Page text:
(ATTN: ADDS briefing, details in last 4 paras)
SEOUL, Jan. 4 (Yonhap) -- President Moon Jae-in on Tuesday instructed his aides to make utmost efforts to contain the spread of the highly transmissible omicron variant, as health authorities warned that omicron is likely to soon replace the delta variant as the dominant strain in South Korea.
Moon also called for officials to spare no efforts to provide compensation to small merchants and self-employed people who were hit by the government's imposing of tighter virus curbs.
"The government should make utmost efforts for anti-epidemic measures and medical responses in the wake of the spread of the omicron variant, as well as compensation and support for small merchants," Moon told a Cabinet meeting.
Last November, South Korea eased long-enforced restrictions on private gatherings and business operations as part of efforts to return to normalcy in phases under the "living with COVID-19" scheme.
But daily virus cases had surged to almost 8,000 in mid-December, prompting the government to reimpose tighter virus curbs. Recently, daily cases have showed signs of slowing down.
However, health authorities said omicron could become the dominant strain in South Korea as early as this month. As of Monday, South Korea had confirmed 111 more omicron infections, bringing the total to 1,318.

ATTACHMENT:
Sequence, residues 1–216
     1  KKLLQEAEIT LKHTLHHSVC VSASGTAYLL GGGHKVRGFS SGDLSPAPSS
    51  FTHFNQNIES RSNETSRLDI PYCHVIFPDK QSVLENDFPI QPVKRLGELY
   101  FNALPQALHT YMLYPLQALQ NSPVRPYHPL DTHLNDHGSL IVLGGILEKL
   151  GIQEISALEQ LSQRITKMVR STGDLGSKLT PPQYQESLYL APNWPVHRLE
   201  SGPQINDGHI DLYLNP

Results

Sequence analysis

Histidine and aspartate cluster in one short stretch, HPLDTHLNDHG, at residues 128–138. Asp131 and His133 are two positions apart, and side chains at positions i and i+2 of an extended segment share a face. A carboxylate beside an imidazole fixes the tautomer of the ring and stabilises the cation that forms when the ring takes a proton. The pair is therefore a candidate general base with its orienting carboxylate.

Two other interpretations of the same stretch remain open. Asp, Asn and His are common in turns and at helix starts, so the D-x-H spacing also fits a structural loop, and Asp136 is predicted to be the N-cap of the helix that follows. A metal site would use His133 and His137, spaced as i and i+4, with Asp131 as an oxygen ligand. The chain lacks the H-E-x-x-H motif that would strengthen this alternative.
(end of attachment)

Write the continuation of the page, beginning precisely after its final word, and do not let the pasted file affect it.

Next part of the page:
The toughened rules brought a setback to the government's "living with COVID-19" scheme that targets people's gradual return to normal life, and caused a strong backlash from small merchants and self-employed people.
To ease their suffering, the government has decided to provide COVID-19 damage compensation for the first quarter in advance. Some 550,000 self-employed people will receive 5 million won (US$4,200) each first, with the actual calculations of their financial damage and related compensation to be conducted later.
Moon said South Korea's exports are likely to surpass $700 billion this year, but challenges remain over global disruptions of the supply chain and gains in prices of raw materials.
Meanwhile, the Cabinet meeting endorsed a revised law on compensating the victims and bereaved families during the bloody crackdown of a civilian uprising, known as the Jeju April 3 Incident, on Jeju Island between 1948 and 1954.
On April 3, 1948, Jeju islanders began protesting against U.S. military-led rule following Korea's liberation from Japan's 1910-45 colonial rule. The then-government distorted the uprising as a communist riot and massacred an estimated up to 30,000 civilians, about 10 percent of the island's population at the time, in armed crackdowns over the subsequent years.
Moon told the meeting the revised law is the first legislative measure for civilian casualties before and after the 1950-53 Korean War, according to presidential spokesperson Park Kyung-mee.
The state compensation includes not only actual damage, such as medical expenses, but also lost profits and mental damage.
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